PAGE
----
It was a chilly early spring Sunday morning in the late 1990’s while I was still living in Sweden. My jazz loving friend, Nelson, decided that I needed a musical Sunday brunch and dragged me, a little unwillingly to a breakfast concert at a club in Lund, Sweden. I had never been to a club in the daytime and had my 5+ daughter in tow (because it was Sunday morning and it was usually our time together). I was not too sure what exactly Nelson had in mind, because as was his nature, he remained mysterious, only insisting that I come with him.
On reaching the club, I saw a poster introducing Trilok Gurtu as a ‘world musician’ who excels in experimenting with different instruments. I, of course, as a typical middle class south Indian woman, had had enough exposure to classical music to recognize the name “Gurtu” from the erstwhile Shobha Gurtu who I admired greatly. But the skeptic in me refused to accept that any celebrity kid, especially one who ‘experiments’ could have even a shadow of his mother’s talent.
And so we walked into the club to find scattered seating as you have in any normal café (well, it was a breakfast concert!) the sight of which made be doubly sure that this was going to be one of those non-serious concerts, where no one is really paying attention to the music.. you know, the kind you saw in slightly pretentious restaurants in India in the 80’s and 90’s where in a corner, on a small dais sat a small group of classical/semi classical singers/musicians singing in the background trying to be as unobtrusive as possible so as not to disturb your dinner conversations….THAT kind!!! The only redeeming factor seemed the fact that all chairs faced the stage and the buffet was laid out at the back end of the room… so well, at least someone was pretending to be serious about the music! AND, the room was full… although, I questioned whether it was for the breakfast or the music?
We found a table as close to the stage as we could, grabbed our breakfast and settled into the chairs, waiting for the performance to begin. Nishita, of course, refused to stay in her chair… and just as I began to freak out over her running all around the place, Nelson pointed out some dozen toddlers doing exactly that. “Let her be”… was his favorite phrase every time he saw me restricting her from doing anything, anyways! So, letting her be… I focused first on the breakfast and then on the hitherto empty stage. About 30mins after we had arrived, the stage began to be populated with different instruments, some I recognized as Indian, some Nelson recognized as African and the rest remained mysterious. Some 10mins anticipation and Trilok Gurtu took his place on the stage, alone!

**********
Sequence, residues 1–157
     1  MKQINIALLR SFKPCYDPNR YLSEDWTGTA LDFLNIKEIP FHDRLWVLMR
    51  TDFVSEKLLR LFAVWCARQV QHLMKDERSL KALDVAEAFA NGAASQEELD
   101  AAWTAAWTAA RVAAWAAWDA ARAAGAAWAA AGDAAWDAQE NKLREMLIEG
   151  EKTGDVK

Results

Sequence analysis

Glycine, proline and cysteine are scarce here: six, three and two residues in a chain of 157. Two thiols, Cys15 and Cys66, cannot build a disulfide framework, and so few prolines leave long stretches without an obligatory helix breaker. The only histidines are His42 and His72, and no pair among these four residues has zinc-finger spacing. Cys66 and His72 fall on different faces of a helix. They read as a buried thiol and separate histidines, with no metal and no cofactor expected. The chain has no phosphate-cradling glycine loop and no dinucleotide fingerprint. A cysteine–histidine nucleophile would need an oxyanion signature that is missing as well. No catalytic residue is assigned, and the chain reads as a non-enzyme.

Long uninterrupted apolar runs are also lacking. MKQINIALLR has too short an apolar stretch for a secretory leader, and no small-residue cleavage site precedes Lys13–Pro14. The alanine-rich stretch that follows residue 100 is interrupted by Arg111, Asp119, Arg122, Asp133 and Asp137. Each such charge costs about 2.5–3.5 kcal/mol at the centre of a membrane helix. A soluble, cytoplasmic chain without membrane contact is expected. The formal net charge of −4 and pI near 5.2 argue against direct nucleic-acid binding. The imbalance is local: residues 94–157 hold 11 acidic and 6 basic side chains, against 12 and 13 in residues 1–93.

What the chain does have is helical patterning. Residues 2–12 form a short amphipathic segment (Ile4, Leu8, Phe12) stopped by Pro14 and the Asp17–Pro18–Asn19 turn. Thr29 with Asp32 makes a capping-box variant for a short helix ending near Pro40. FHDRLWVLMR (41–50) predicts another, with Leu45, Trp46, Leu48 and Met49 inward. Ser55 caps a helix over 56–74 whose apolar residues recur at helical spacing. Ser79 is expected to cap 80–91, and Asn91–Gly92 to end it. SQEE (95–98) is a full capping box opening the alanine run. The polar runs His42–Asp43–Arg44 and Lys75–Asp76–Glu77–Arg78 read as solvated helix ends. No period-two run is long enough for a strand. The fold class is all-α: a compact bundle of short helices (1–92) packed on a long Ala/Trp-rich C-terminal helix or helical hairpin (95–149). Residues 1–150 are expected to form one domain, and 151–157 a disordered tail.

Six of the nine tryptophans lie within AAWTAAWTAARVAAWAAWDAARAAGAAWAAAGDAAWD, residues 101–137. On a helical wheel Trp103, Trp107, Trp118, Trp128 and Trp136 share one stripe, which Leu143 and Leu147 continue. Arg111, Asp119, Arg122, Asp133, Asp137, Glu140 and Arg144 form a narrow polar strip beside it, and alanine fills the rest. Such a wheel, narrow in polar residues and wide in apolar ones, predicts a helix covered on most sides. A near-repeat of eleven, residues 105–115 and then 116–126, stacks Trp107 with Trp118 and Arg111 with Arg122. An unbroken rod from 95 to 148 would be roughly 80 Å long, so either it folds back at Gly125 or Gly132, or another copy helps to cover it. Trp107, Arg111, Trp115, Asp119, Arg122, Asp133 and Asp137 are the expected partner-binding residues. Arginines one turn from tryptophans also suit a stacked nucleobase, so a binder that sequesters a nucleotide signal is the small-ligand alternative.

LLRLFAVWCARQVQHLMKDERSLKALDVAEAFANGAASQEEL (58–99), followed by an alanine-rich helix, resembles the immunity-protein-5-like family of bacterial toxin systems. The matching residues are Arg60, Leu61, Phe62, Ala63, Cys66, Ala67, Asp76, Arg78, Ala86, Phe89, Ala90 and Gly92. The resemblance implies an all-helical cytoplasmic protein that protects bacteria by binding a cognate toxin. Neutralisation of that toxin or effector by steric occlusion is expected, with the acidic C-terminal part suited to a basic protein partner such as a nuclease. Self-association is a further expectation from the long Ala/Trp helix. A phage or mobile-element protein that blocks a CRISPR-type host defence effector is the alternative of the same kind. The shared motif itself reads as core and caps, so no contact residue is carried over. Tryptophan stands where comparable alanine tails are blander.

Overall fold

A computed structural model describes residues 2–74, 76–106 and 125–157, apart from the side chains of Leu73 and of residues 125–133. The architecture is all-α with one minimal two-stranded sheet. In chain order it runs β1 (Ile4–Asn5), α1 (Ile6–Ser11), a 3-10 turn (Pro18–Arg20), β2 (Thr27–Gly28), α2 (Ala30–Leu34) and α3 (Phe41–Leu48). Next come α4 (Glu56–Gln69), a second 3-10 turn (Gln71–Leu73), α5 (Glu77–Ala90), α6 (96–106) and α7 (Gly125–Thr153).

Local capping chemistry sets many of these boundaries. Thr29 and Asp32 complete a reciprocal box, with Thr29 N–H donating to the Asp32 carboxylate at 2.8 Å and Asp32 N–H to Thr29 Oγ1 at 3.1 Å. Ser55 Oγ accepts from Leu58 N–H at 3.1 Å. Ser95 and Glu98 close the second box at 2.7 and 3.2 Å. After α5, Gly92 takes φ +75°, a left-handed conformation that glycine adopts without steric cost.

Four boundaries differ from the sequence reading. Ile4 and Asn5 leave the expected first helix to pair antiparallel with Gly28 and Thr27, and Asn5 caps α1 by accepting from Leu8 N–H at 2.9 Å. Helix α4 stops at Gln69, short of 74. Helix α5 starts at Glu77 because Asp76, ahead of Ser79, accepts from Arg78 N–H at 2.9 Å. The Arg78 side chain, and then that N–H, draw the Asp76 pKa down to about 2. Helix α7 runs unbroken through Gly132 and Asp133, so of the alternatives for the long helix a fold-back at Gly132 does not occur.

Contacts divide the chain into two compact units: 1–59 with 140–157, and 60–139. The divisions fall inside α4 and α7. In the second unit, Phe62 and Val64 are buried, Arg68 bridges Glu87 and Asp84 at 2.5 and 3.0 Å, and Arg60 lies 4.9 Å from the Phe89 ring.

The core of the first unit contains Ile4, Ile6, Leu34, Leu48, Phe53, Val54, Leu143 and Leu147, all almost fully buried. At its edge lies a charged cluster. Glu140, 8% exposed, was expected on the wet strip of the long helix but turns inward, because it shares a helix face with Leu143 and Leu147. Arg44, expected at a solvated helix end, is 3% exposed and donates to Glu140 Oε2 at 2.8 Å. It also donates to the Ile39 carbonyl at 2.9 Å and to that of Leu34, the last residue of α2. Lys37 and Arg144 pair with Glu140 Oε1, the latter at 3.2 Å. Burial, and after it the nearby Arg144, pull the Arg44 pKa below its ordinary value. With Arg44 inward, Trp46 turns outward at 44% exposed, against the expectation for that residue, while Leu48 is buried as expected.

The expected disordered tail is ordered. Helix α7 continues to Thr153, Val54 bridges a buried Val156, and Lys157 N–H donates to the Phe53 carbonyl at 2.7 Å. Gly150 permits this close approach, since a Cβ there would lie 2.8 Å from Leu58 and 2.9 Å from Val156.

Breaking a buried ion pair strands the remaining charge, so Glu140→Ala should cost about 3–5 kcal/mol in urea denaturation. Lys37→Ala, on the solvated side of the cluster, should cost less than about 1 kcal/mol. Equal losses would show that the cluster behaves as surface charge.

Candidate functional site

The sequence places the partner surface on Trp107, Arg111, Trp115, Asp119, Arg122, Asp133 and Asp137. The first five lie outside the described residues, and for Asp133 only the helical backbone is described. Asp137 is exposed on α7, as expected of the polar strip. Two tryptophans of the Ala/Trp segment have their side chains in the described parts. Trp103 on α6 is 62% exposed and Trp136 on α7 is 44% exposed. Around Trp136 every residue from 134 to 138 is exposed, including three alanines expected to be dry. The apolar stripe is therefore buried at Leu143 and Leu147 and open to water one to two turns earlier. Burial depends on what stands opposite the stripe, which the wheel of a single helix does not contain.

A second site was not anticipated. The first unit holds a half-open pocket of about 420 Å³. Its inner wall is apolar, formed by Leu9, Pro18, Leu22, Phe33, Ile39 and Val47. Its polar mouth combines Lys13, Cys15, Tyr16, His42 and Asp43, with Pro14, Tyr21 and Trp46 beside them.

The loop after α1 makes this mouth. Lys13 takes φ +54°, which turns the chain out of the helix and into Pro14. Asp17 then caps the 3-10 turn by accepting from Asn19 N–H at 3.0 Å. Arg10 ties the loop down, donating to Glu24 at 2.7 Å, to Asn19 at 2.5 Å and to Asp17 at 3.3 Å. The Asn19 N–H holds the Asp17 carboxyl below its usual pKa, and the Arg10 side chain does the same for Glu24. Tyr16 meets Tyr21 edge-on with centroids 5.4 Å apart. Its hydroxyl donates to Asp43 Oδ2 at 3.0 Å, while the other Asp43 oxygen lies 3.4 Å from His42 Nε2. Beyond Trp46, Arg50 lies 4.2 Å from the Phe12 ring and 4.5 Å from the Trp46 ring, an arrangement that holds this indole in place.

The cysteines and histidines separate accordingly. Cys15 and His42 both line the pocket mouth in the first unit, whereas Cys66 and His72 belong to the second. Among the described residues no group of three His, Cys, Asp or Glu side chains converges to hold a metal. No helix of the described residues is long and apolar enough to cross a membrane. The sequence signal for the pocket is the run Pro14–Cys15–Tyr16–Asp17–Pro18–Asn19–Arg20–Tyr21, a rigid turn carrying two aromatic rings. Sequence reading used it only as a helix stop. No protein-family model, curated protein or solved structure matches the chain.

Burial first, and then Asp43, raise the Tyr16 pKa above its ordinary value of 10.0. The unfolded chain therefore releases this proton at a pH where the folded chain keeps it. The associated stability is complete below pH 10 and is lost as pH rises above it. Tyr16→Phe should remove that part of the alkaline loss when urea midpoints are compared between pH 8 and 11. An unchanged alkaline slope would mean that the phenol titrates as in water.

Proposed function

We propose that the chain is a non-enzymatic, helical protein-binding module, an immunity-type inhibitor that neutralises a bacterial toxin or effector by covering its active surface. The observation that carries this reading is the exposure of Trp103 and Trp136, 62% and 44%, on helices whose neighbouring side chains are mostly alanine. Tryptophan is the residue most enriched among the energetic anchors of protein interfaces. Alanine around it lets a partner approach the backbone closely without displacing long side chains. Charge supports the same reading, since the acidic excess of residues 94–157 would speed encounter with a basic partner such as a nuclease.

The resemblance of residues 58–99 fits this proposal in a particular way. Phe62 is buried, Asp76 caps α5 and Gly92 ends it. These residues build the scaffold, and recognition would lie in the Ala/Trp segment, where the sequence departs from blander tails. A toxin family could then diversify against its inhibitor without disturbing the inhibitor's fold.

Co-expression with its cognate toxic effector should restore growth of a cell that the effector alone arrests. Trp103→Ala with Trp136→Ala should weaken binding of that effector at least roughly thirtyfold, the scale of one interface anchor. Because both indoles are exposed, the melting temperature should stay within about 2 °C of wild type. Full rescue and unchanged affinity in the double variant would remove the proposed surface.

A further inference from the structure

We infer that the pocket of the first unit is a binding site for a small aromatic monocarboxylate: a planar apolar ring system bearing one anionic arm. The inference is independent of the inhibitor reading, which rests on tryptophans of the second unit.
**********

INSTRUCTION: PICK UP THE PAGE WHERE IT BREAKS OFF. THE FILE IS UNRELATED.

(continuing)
The next couple of hours were one of the most mesmerizing hours of my life, as he proceeded to first, introduce the instruments, individually, and then in combination, bringing out melodies and sounds that were unbelievably evocative. He was playing some half a dozen different instruments, by himself. Slowly the stage became populated with 3 other artists. Each entry was a short solo with whichever instrument/s they would be playing followed by a blending of sounds from those already present on the stage. I cannot even begin to describe how wonderfully seamless the whole introductory episode was. And what followed left me filled with incredulous joy and enlightenment. It made me change my taste, my views about non-Indian, non-classical/semi-classical music. The music itself was rooted in classical Indian, blended with folk music from India, Africa and other countries/continents that I could not identify.
It was an amazing experience… the fusion… of music, of melodies, of cultures, of colors. It made me realize once again, how closed we Indians tend to be… so sure that “OUR” music, our food, our way-of-life, our beliefs ARE THE best in the world… we forget that if we close the doors of our minds and our senses, the outside world may have progressed far far beyond us.
The room, that day was filled with Scandinavians, for whom, in reality, this kind of music was very very far from anything that was familiar to them and yet they were curious and open enough to want to come and listen to it. And through the two hours of the concert, there were no murmurs that drew your attention away from the music…no screeching chairs, no crying toddlers…nothing! Even though the little ones present were running around and playing, I have no recollection of being disturbed by their presence. And although there was an Indian at the center stage, the only Indians present were my friend Narmada, Nishita and me. That day, I promised myself that I would always be willing to experiment, willing to expose myself and my senses to new and unfamiliar experiences…. And have never regretted that… it has added dimensions to my character/personality that would otherwise not be part of who I am today. All this I owe to this one, unforgettable experience.
I have heard fusion music and artists who are way better than Trilok Gurtu, since then…but as my first exposure to this genre, he deserves all the credit…